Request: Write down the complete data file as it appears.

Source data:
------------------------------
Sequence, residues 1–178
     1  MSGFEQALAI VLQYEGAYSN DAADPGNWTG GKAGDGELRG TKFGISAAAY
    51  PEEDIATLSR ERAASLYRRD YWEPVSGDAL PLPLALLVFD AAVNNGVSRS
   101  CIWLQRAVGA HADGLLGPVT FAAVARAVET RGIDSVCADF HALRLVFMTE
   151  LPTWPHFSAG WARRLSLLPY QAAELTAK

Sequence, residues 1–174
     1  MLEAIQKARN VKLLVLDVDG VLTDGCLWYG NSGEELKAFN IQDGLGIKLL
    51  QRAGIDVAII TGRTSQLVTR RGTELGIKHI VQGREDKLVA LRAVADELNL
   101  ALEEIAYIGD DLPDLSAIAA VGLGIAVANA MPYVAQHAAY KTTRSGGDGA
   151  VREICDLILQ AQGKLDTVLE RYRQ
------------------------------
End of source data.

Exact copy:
Sequence, residues 1–178
     1  MSGFEQALAI VLQYEGAYSN DAADPGNWTG GKAGDGELRG TKFGISAAAY
    51  PEEDIATLSR ERAASLYRRD YWEPVSGDAL PLPLALLVFD AAVNNGVSRS
   101  CIWLQRAVGA HADGLLGPVT FAAVARAVET RGIDSVCADF HALRLVFMTE
   151  LPTWPHFSAG WARRLSLLPY QAAELTAK

Sequence, residues 1–174
     1  MLEAIQKARN VKLLVLDVDG VLTDGCLWYG NSGEELKAFN IQDGLGIKLL
    51  QRAGIDVAII TGRTSQLVTR RGTELGIKHI VQGREDKLVA LRAVADELNL
   101  ALEEIAYIGD DLPDLSAIAA VGLGIAVANA MPYVAQHAAY KTTRSGGDGA
   151  VREICDLILQ AQGKLDTVLE RYRQ